Earmark boosts state support for innovative project
BOSTON (MA) – On Thursday, July 12th, State Senator Jamie Eldridge (D-Acton) secured a $6 million earmark for the Littleton Common Smart Sewer Project in S.2591, An Act promoting climate change adaptation, environmental and natural resource protection, and investment in recreational assets and opportunity.
“I was happy to secure this critical funding for this important environmental protection project, which will provide sustainable, clean water to Littleton residents and promote economic development,” said Senator Eldridge. “I’m proud to represent communities who are dedicated to combating the dangerous impact of climate change, and congratulate the Littleton Board of Selectmen, Littleton Town Administrator Keith Bergman and the Littleton Electric Light and Water Department for leading this effort in Littleton. The project, focused on treating water locally, and embracing alternative energy, through anaerobic digestion, to power the sewer expansion, has the potential to be a state and national model for sustainable water infrastructure.”
“The Town of Littleton is grateful to Senator Eldridge for his support for the Littleton Common Smart Sewer Project, which the Board of Selectmen has identified as our top legislative priority,” said Keith Bergman, Littleton Town Administrator. “This funding will be a great boost to a project which is a focal point for the economic development efforts in Littleton.”
The Littleton Common Smart Sewer Project will serve up to 230 properties in the Littleton Common and nearby surrounding areas. This includes business, commercial and industrial properties, but will also serve residential and municipal parcels, including public housing. The project is expected to be brought before Littleton Town Meeting in the fall of 2018 and/or the spring of 2019.
The project will include constructing a community water and energy resource center (CWERC) which will treat wastes to produce a high-quality effluent for return to the environment. The current limited project is anticipated to have total project costs on the order of $26 million, including the sewer system and a CWERC facility initially designed to treat about 150,000 gallons per day. The costs of constructing, operating and maintaining the system will be paid back through the users, via betterment assessments, connection fees and user charges. These costs will be offset by revenues from the CWERC related to the generation of energy and sale of utilities (including high quality reuse water). For the project to be initially affordable, significant funding support is needed from the Commonwealth of Massachusetts.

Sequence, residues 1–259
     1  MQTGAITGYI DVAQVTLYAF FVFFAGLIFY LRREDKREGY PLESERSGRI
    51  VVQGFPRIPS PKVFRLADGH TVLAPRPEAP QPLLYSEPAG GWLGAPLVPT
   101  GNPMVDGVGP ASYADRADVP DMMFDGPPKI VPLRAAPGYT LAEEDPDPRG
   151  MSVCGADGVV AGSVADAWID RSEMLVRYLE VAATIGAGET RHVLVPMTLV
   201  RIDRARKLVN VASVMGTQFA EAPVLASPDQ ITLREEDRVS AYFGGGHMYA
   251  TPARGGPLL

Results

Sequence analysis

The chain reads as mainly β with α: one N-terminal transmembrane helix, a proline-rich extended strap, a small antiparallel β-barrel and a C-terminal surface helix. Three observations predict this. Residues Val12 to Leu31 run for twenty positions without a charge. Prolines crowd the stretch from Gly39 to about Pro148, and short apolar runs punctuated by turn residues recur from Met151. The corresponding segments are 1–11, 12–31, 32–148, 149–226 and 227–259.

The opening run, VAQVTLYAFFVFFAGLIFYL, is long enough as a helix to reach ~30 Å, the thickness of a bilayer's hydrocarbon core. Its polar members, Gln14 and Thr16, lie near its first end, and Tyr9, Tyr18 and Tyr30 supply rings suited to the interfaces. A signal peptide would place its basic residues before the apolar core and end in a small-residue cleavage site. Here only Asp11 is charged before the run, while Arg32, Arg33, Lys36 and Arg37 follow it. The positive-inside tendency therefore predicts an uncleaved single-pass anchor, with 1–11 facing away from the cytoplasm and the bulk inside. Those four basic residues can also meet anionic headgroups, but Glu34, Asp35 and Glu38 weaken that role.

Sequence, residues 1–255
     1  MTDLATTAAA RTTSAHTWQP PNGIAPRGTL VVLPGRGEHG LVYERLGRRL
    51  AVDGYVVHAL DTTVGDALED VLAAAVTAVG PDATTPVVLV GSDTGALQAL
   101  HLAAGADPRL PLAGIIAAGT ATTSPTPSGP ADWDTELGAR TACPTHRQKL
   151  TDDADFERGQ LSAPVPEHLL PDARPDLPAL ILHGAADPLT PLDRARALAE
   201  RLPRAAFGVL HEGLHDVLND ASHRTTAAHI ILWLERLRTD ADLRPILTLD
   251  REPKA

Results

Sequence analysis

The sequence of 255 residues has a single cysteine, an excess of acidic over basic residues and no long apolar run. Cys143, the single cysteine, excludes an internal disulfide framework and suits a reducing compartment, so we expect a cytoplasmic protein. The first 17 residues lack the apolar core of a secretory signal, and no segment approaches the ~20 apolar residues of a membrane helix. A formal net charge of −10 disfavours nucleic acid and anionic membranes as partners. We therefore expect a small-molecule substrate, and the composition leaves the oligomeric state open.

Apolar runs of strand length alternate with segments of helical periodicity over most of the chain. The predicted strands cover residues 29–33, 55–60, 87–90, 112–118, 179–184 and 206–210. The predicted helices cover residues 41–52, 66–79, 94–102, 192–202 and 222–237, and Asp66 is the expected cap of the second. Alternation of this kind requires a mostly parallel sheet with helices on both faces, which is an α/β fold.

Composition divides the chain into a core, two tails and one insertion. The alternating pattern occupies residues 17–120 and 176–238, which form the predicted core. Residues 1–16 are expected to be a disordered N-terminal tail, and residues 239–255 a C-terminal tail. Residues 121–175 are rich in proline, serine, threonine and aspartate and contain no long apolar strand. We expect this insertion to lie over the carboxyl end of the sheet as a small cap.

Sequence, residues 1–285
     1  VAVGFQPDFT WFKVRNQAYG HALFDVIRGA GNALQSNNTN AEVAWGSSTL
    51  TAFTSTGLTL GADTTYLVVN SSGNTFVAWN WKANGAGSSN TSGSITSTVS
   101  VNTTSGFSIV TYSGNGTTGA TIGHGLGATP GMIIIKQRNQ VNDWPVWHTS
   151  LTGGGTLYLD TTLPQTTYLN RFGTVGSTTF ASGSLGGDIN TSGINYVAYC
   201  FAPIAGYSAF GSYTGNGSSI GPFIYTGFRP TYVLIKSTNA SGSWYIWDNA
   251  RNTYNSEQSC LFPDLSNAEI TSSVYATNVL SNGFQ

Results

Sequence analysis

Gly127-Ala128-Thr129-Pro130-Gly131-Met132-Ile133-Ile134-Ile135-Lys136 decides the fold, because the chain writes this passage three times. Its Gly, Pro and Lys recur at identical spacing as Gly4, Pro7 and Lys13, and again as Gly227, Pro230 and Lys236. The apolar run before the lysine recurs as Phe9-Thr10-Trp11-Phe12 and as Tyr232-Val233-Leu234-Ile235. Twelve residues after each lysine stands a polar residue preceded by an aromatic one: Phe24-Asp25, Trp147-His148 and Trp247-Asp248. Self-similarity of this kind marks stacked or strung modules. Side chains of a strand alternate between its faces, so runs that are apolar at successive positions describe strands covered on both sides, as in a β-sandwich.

The Smart Sewer approach offers many advantages over a conventional project:
- Service to existing properties and commercial business areas that cannot thrive on septic systems.
- Support for planned economic redevelopment focused on small businesses in the Littleton Common area, and support for the Littleton Common revitalization plan.
- Limited collection and treatment system to serve a focused area without encouraging sprawl.
- Advanced treatment to return high-quality effluent to recharge groundwater, preserving local water balance in the basins. Treatment will reduce nitrogen levels currently returned to the groundwater.
- Reuse of reclaimed water will replace use of potable water – reducing peak water demand needs.
- Local treatment of source separated organic (food) wastes and fats-oils-grease (FOG) will reduce trucking of these wastes to distant disposal sites, reducing greenhouse gas emissions.
- The CWERC will generate energy (thermal and electric) from the treated wastes, which will be reused locally, mitigating local energy demands.
- The overall localized solutions and technologies applied in the Littleton Common Smart Sewer project will provide examples of an environmentally responsible method of addressing wastewater and water resource management in a small community area.
A conference committee will be established to negotiate the differences between the House and Senate Environmental bond bills, before going to Governor Baker’s desk.